Any business that makes goods know their products are only as good as their ingredients.
Whether processing food or assembling electronics, manufacturers need quality raw materials to drive success. This includes the energy to power plants, workforce to operate machinery and infrastructure to deliver finished products to the end users.
Expanding and relocating businesses require these critical elements to grow. They might be surprised to find an exceptional combination of quality and cost effectiveness in the rural areas of upstate New York.
Montgomery County, located near Albany and New York’s Capital Region, benefits from the state’s discounted electricity, plentiful water and reliable access to more than half of U.S. and Canadian consumers. It also boasts an above-average labor pool that is capable of contributing to a variety of enterprises and superior agriculture that feeds a growing food industry.
These are the raw materials of business success that give oft-overlooked places like rural Montgomery County a great deal of hidden value.
New York State Has Inexpensive Energy
At 5.84 cents per kilowatt hour, New York’s industrial power is 15 percent less than the national average and 35 percent lower than electric rates in other Mid-Atlantic states, according to the U.S. Energy Information administration.
The ReCharge NY initiative powers economic development with reduced-cost electricity provided by the New York Power Authority (NYPA). NYPA offers discounted hydro- and third-party power to large businesses, small organizations and nonprofits for job retention, expansion and new enterprise.
In the Mohawk Valley region, which includes Montgomery County, 55 primarily manufacturing businesses saved about $5 million in 2014 alone, according to a report filed by the Economic Development Power Allocation Board and NYPA.
Upstate New York Water Is Pristine and Plentiful
Fueled by the Finger Lakes, Great Lakes and Niagara Falls watersheds, New York boasts some of the country’s best household, business and industrial water sources. The state stewards this valuable raw material as well, laying claim to the most comprehensive watershed program in the U.S.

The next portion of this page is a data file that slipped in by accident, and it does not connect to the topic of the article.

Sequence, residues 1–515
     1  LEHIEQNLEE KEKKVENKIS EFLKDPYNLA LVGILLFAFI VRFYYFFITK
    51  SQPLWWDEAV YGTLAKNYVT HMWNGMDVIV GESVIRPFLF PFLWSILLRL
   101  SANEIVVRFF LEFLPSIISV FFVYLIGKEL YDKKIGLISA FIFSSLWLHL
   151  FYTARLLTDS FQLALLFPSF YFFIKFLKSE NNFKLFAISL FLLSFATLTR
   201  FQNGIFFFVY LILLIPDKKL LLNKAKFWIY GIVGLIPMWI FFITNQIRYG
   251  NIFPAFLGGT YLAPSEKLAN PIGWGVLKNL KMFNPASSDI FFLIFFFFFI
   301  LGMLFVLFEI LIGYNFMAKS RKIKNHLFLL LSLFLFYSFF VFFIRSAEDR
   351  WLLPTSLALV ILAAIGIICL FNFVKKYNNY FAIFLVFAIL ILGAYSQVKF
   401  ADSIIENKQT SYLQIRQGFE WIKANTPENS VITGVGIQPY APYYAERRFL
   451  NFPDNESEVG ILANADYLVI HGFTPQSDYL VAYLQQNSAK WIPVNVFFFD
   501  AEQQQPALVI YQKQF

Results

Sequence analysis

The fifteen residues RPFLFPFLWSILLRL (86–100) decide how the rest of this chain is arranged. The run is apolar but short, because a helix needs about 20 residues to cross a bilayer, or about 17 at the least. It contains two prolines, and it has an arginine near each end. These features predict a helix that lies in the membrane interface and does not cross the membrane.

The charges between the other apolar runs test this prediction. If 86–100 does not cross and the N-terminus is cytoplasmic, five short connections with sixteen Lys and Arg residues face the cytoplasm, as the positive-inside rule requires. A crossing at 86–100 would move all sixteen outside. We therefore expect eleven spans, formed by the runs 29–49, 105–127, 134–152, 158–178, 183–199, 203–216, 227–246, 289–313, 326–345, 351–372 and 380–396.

“New York is a water-rich state,” Cornell University’s Sorell Negro and Keith S. Porter noted in a recent study. “New York enjoys abundant water … with high-quality surface and ground water resources.”
Those resources trickle into every section of the state, including rural areas like Montgomery County. In addition, a history of industry there helped develop a wastewater infrastructure capable of taking on the needs of major manufacturers.
Montgomery County’s Workforce Is Skilled and Strong
The Montgomery County workforce ranks well above average in stability, productivity and loyalty, while turnover is well below average.
Businesses can also connect with talent in this higher education-rich region. More than 20 colleges and universities in this commuter friendly area offer great recruiting opportunities.
In fact, the local community college works directly with Albany and Mohawk Valley employers to develop a curriculum specific to their needs. The Fulton Montgomery Community College DACUM program has proved particularly successful in creating a workforce for the emerging rural tech job market.
Upstate New York offers a number of labor advantages beyond skill, particularly in the areas of manufacturing and supply chain management.
The New York State Thruway Is an Essential Connection
The Thruway (I-90), which cuts through the heart of New York and Montgomery County, affords unparalleled access to more than half of the U.S. and Canadian populations, including the New York City, Boston and Montreal markets.
A trio of New York State Thruway exits links Montgomery County businesses to all the major traffic corridors of the Northeast. CSX rail service and the nearby Albany International Airport enhance the county’s transportation and shipping options.
Rural sourcing and reshoring American business places a high priority on proximity to major markets, especially when it comes to food production.
Montgomery County Has the Agriculture Food Processors Crave
Agriculture and manufacturing have always complemented each other in upstate New York’s rural communities.
In places like Montgomery County, the ag sector saw jobs grow by 60 percent from 2000 to 2015. While manufacturing followed trends across the U.S. by falling 28 percent over that same period, the industry still employs an above-average 21 percent in Montgomery County, according to New York Department of Labor statistics.
Of six comparable rural communities across the U.S., only two shared long-term growth potential in agriculture and manufacturing with Montgomery County, according to an analysis by North Star Destination Strategies. Food processing was also pegged as a top area of growth in the Mohawk Valley by the New York Workforce Development Board in a recent report.
Montgomery County’s 100-year relationship with Beech-Nut illustrates the strength of this combination.
The Raw Materials of Business Success
The natural resources needed by modern manufacturers and businesses in general now extend from energy and water to manpower and infrastructure.